We have structured our latest postgraduate web resources around a new employability framework, currently under development. This framework offers new insights into the key behaviours which are important for initial career success.

Where has this framework come from?

We commissioned work to identify the common behaviours of recent graduates who made a quick transition from an undergraduate degree to an aspirational graduate level job. It also identified the behaviours of recent graduates who struggled, or took longer, to get into the kind of jobs they wanted.

This work has highlighted the importance of five types of behaviour, grouped under the headings:

  • Explore, connect, reflect, communicate, persevere.

We have now developed a competency framework - a common way of describing how the best performers in a group differ from the others, in terms of positive and negative behaviours.

Further work is being carried out to validate the framework, develop a diagnostic tool, and create resources and further support to encourage students to develop these positive behaviours.

What's different about this framework?

There are many models and frameworks in career management. Some are focused on how people develop their understanding of careers. Other approaches (including many skills frameworks) are based more on what employers want from new recruits.

We wanted to focus on what most students want - to make a start on an interesting graduate level career, shortly after graduating. We also wanted a model which was developed for the pressures of today's competitive graduate job market.

The resulting groups of behaviours are not radically new, but they do highlight the importance of behaviours such as perseverance/drive and reflection. Many students may not have recognised that these behaviours can make a critical difference to their career prospects.

What about all those skills which employers want?

They're still important, and if you explore, connect, communicate, persevere and reflect on the results, you'll find lots of examples of skills which you have developed. Look at our 'How to...' guides to:

  • explore career options for postgraduates, including the skills needed by employers in your target career;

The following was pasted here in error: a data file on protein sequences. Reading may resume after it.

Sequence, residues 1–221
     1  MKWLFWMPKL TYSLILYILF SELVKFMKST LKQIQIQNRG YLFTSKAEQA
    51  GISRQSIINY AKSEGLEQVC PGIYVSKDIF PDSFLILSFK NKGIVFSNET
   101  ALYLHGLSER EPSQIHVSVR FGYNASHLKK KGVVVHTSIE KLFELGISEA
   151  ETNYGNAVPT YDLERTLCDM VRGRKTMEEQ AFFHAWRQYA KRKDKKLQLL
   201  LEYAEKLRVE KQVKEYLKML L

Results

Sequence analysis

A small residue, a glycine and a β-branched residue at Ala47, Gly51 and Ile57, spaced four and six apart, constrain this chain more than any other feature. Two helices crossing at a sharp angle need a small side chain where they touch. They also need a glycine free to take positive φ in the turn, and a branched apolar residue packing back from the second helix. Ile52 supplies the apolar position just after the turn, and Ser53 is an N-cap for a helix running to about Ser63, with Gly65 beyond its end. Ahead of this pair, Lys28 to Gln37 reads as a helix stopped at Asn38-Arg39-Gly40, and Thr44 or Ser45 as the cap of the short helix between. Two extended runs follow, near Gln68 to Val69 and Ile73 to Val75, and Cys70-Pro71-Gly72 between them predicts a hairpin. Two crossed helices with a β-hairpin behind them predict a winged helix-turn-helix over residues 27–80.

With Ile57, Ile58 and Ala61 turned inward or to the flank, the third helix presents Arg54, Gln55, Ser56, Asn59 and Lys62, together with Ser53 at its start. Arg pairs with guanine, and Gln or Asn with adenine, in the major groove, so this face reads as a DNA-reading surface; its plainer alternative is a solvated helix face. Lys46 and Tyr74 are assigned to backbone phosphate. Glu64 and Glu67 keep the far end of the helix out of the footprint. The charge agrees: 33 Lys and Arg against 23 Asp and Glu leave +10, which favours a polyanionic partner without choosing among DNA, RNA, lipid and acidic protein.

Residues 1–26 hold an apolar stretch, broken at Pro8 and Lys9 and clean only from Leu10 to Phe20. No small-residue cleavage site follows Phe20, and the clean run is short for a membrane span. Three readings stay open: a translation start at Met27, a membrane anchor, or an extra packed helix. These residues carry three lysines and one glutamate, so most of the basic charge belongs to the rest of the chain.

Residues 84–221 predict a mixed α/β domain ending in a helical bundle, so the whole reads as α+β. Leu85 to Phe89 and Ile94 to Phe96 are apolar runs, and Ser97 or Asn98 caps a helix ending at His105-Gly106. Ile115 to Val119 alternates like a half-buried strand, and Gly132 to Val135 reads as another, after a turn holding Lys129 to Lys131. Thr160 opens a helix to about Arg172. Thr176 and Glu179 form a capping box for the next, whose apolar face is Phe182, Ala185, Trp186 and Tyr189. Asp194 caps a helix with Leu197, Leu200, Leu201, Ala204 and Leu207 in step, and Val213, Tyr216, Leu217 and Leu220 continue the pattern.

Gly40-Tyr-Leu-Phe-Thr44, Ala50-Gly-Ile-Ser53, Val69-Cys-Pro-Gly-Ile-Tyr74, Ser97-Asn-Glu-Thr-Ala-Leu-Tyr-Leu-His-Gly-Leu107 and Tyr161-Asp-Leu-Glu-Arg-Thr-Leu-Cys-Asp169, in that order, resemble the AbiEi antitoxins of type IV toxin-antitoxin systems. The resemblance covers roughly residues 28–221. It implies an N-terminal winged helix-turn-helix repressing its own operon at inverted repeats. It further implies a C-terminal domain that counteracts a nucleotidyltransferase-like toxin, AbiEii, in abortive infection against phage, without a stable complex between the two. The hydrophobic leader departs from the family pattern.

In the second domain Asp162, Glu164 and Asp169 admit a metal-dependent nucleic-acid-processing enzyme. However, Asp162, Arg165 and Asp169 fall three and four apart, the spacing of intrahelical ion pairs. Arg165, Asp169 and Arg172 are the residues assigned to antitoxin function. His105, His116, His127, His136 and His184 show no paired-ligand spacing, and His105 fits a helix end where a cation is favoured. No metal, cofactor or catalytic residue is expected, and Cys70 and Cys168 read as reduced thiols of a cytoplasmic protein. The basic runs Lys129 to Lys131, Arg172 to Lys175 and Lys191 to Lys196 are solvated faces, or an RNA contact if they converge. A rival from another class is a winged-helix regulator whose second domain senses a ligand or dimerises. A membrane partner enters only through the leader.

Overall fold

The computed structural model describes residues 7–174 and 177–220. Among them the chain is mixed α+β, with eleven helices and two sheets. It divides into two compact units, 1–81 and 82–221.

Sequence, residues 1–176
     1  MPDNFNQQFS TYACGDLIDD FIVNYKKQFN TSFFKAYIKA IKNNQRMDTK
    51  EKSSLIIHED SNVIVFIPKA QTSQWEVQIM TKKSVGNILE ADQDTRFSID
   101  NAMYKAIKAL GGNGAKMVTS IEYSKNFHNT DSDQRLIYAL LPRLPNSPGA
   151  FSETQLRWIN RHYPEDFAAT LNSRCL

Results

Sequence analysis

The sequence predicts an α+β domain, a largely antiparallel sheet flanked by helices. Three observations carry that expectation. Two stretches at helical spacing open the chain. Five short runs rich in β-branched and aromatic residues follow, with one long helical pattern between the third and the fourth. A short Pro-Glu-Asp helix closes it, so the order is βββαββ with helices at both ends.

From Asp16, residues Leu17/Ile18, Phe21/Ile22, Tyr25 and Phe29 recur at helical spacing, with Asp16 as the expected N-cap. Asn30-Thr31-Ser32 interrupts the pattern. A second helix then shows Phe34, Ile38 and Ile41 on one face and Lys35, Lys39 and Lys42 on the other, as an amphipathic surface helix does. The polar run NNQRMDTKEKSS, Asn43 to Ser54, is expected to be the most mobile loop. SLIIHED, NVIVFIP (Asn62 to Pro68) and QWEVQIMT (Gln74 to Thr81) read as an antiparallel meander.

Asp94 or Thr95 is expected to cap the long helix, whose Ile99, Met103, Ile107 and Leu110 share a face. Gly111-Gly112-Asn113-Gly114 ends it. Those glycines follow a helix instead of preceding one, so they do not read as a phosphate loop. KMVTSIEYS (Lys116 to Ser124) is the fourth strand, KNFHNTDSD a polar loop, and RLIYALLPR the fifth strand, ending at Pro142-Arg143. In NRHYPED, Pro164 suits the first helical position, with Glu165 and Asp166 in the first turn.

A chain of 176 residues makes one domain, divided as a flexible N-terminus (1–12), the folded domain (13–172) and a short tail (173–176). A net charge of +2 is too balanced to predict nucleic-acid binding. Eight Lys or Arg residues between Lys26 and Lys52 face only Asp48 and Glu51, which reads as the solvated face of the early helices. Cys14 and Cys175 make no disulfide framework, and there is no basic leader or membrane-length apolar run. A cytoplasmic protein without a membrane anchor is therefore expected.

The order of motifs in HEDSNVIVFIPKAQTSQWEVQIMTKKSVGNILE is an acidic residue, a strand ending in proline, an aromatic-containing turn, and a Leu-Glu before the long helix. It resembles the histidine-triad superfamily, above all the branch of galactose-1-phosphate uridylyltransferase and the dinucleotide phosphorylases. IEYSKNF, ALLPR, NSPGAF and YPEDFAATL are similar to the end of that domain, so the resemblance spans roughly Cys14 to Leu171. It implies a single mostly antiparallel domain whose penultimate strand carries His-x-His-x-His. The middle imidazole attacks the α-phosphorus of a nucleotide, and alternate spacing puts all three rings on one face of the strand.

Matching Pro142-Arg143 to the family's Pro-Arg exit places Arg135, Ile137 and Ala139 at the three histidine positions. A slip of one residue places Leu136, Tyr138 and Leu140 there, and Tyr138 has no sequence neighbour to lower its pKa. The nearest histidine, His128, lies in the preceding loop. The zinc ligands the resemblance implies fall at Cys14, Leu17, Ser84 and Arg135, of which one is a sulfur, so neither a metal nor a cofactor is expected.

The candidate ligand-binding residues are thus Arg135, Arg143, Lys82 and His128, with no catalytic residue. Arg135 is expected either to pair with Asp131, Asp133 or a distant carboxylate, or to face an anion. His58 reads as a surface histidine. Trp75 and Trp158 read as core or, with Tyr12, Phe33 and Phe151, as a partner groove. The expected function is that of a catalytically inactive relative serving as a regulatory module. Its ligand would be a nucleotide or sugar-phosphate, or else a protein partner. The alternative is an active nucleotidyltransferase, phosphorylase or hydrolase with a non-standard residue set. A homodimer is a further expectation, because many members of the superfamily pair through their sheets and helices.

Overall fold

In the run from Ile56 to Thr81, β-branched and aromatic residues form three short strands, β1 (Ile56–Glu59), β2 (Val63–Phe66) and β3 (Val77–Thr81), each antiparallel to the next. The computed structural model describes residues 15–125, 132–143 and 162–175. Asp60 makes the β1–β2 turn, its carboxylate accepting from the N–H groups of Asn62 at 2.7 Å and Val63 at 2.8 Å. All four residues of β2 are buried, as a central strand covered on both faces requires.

• explore your strengths and add to them;
  • reflect on the results;
  • communicate them to employers.

What do employers think of it?

Initial feedback from employers has been positive. One former employer commented that they had used traditional skills based assessment to identify those who would proceed to the final stages of recruitment. However, the behaviours we have identified were what made the difference at final assessment. This is encouraging as a first indication that these behaviours really do differentiate 'the best from the rest' with graduate employers, but further work is needed to confirm this.

Who has done this work, where can I get more information?

This work is being led by Professor Ivan Robertson (formerly of UMIST/University of Manchester, now Emeritus Professor of Work & Organisational Psychology at the University of Manchester and Visiting Professor at Leeds University) and his team at the consultancy firm, Robertson Cooper. It is still under development and is not yet publicly available.

Does this work apply to postgraduates?

The initial work has focused on undergraduates, specifically those aiming for a graduate level job. These included jobs in science, the creative industries, teaching (humanities), business and engineering.

It has not yet focused on postgraduates, nor on those aiming at postgraduate study. Therefore, we would be cautious about applying the detailed competency framework and diagnostic tool directly to postgraduates.

However, the model has been piloted in postgraduate workshops and received a positive response. As a simple framework to focus career planning and actions, we believe that the model is a useful way of structuring our careers information for postgraduates.